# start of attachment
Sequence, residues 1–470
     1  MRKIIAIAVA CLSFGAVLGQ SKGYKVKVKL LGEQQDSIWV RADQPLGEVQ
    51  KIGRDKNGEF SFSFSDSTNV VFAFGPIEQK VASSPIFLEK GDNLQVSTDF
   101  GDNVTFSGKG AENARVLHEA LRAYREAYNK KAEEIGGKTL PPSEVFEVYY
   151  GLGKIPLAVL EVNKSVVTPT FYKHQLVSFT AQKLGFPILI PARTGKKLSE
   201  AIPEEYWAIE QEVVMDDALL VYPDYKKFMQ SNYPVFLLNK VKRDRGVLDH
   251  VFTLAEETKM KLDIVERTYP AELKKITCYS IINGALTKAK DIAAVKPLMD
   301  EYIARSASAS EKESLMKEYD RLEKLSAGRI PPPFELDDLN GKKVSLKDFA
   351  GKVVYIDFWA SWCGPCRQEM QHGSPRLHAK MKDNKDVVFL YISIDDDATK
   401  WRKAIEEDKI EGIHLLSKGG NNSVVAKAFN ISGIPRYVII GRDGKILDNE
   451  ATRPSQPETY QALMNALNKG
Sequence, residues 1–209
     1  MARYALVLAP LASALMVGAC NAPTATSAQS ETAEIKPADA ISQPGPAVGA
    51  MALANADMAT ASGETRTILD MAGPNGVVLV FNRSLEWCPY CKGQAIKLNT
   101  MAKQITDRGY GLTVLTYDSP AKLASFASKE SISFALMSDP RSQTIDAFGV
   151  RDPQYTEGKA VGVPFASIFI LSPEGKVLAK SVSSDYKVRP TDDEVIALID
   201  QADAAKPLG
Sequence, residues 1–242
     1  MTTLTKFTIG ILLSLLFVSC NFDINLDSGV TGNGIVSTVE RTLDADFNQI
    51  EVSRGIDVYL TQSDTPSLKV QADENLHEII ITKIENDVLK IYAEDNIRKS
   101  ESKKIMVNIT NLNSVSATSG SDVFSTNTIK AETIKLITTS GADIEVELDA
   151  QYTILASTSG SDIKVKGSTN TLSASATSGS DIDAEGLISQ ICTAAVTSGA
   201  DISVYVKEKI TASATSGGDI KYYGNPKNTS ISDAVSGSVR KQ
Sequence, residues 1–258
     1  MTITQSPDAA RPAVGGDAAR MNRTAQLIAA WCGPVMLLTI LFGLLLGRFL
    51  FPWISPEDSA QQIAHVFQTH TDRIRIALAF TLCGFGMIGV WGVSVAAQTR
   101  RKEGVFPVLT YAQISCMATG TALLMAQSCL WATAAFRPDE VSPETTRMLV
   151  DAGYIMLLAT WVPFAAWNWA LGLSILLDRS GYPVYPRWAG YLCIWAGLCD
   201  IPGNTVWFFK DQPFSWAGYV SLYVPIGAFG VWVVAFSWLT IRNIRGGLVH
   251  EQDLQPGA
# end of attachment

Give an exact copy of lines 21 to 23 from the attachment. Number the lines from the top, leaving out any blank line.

   101  ESKKIMVNIT NLNSVSATSG SDVFSTNTIK AETIKLITTS GADIEVELDA
   151  QYTILASTSG SDIKVKGSTN TLSASATSGS DIDAEGLISQ ICTAAVTSGA
   201  DISVYVKEKI TASATSGGDI KYYGNPKNTS ISDAVSGSVR KQ